Mortgage prepayment penalties may come as a surprise to many people when they think of refinancing or selling their homes. Most people don’t get to see the mortgage papers until closing and they usually don’t read all the provisions of the note before signing it. There are so many important things to do and so many papers to sign at closing that reading the fine print does not seem important.
Moreover mortgage prepayment penalty comes into effect only when the need for refinance or selling the home arises in future. At the time of applying for or signing the mortgage such things as mortgage prepayment are furthest from the mind of the borrower.
To understand how to avoid mortgage prepayment penalties you must know why and how they operate. When the borrower’s income increases, it seems like a good idea to repay the mortgage loan whithin a shorter period than originally stipulated in the mortgage agreement. By paying the mortgage before time the borrower owns the home earlier and also becomes debt free earlier.
A borrower who had to accept higher mortgage rates or what is known as sub prime lending rates due to bad credit may want to refinance the home with other lenders offering lower rates, as soon as his or her credit rating improves to reduce the mortgage interest burden. Family and other circumstances may also force the buyer to sell the home earlier.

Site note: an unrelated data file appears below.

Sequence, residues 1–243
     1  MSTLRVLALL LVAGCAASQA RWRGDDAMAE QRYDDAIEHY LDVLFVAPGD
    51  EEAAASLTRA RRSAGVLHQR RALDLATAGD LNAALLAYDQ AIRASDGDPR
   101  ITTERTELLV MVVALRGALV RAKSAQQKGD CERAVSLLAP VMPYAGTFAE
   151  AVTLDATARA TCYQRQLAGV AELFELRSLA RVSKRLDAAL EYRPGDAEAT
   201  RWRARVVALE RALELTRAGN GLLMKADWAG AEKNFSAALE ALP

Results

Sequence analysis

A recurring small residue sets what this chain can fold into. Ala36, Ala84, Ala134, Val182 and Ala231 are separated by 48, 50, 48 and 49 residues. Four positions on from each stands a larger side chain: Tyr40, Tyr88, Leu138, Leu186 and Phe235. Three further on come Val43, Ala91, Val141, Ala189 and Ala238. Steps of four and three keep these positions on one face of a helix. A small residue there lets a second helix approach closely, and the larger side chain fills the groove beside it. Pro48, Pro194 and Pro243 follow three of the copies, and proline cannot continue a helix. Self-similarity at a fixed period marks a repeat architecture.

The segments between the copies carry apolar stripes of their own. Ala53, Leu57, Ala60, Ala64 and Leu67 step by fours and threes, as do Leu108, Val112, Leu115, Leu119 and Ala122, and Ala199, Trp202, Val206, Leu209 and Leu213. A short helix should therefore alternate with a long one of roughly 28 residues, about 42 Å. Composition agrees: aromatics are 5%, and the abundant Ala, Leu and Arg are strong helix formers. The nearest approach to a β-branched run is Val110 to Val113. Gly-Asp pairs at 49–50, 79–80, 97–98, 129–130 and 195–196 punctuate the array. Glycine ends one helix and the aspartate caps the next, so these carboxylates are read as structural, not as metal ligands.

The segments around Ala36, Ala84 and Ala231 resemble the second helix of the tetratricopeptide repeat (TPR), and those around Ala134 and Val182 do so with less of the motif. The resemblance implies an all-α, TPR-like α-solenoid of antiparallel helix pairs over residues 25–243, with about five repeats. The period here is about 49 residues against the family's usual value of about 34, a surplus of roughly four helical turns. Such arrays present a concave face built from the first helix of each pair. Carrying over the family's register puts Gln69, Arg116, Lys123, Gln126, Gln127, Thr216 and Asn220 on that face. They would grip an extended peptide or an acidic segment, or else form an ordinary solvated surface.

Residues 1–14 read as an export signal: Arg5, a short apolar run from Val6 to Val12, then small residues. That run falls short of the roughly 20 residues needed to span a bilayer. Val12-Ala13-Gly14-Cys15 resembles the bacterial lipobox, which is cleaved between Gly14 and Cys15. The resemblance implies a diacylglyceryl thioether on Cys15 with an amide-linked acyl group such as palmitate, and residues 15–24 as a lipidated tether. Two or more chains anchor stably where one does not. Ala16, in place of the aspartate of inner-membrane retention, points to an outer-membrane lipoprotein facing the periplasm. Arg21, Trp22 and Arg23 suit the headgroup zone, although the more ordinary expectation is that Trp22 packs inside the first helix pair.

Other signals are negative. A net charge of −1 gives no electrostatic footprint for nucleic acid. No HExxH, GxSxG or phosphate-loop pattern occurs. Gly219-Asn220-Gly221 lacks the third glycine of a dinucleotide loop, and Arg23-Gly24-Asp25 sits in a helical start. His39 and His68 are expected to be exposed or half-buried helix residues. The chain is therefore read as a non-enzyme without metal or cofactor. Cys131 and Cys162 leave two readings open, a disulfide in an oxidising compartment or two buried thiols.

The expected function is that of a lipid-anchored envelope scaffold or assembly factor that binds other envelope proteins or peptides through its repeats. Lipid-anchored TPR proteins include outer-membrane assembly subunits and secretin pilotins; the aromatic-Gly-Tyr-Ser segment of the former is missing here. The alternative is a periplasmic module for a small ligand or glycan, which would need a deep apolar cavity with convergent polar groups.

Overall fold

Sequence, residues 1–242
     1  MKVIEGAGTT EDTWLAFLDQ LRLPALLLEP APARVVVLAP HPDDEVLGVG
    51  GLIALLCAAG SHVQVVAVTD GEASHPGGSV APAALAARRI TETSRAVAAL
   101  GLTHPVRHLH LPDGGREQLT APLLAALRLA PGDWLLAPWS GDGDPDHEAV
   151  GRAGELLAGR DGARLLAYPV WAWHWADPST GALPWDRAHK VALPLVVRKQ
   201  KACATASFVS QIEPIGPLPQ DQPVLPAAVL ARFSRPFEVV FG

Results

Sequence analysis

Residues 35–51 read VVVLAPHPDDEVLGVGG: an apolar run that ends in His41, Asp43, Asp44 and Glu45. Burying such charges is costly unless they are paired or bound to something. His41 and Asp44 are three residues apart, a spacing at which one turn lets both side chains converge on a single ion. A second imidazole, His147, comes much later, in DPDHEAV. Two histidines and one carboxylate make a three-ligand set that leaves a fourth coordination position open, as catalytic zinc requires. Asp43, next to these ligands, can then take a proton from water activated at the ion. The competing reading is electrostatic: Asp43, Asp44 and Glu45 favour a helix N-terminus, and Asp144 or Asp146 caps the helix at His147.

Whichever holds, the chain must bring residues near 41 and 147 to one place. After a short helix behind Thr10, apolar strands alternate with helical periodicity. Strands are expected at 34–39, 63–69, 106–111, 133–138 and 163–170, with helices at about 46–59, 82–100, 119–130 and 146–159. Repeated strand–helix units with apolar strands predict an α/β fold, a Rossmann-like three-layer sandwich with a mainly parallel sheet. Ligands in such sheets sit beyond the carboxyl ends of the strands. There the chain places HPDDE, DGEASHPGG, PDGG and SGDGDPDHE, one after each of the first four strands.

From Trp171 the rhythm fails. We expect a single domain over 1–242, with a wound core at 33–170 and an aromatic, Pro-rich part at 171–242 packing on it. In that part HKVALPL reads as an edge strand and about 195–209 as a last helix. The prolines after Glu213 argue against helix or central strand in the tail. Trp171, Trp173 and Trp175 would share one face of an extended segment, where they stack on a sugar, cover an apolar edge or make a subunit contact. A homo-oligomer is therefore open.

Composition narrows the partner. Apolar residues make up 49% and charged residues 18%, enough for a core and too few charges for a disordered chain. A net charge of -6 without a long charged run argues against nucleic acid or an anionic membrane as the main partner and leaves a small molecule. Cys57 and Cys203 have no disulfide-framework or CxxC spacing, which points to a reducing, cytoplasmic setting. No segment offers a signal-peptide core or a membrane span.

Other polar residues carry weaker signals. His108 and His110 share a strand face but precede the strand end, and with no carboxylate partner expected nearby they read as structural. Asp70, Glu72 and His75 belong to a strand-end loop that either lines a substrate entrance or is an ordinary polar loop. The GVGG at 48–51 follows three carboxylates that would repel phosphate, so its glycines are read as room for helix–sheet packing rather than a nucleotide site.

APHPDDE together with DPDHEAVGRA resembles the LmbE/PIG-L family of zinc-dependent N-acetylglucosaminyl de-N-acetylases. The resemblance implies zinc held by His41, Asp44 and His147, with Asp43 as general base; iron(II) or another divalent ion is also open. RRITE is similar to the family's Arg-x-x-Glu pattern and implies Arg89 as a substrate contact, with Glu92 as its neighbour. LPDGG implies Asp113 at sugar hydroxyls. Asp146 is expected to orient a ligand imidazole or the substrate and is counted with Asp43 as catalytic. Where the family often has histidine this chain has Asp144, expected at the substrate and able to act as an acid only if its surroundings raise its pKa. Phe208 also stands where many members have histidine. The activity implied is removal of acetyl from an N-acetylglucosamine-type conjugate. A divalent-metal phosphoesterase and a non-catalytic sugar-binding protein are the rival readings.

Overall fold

However such things are not favorable for the lender. The lender earns money from the mortgage interest paid by the borrower and when the borrower pays of the mortgage earlier the ortgage company loses potential income. The mortgage company receives less than expected interest income on the mortgage. This is why lenders want to discourage borrowers form paying off their mortgage loans earlier.
By charging mortgage repayment penalties the lender tries to discourage the borrower from paying earlier and to compensate for the loss of income. Lenders know that if and when your credit improves, you would like to refinance to obtain lower mortgage interest rates and this can result in a loss for the lender. Therefore, lenders usually require sub-prime borrowers with low down payment or less favorable credit rating or both to agree to a mortgage prepayment penalty clause.
Mortgage prepayment penalty is a clause in your contract which stipulates that you will have to pay a penalty in case you repay your mortgage fully before time. mortgage prepayment penalty is usually charged in two ways: either as a percentage of the loan balance at the time of repayment or it is based on the actual number of months left in the life of the loan. There are two types of prepayment penalties – hard and soft. In the case of soft penalty you are allowed sell but incur a penalty if you refinance. In a hard penalty you can neither sell or refinance the property without a penalty.
Even if your credit rating is good sometimes borrowers with good credit ratings and payment records are also offered the option of availing mortgage prepayment penalty, by banks, so that their interest rate is lowered and they have to pay a lower monthly mortgage. Whether you should agree to this depends on the rate of penalty and whether you are likely to sell your house in the future.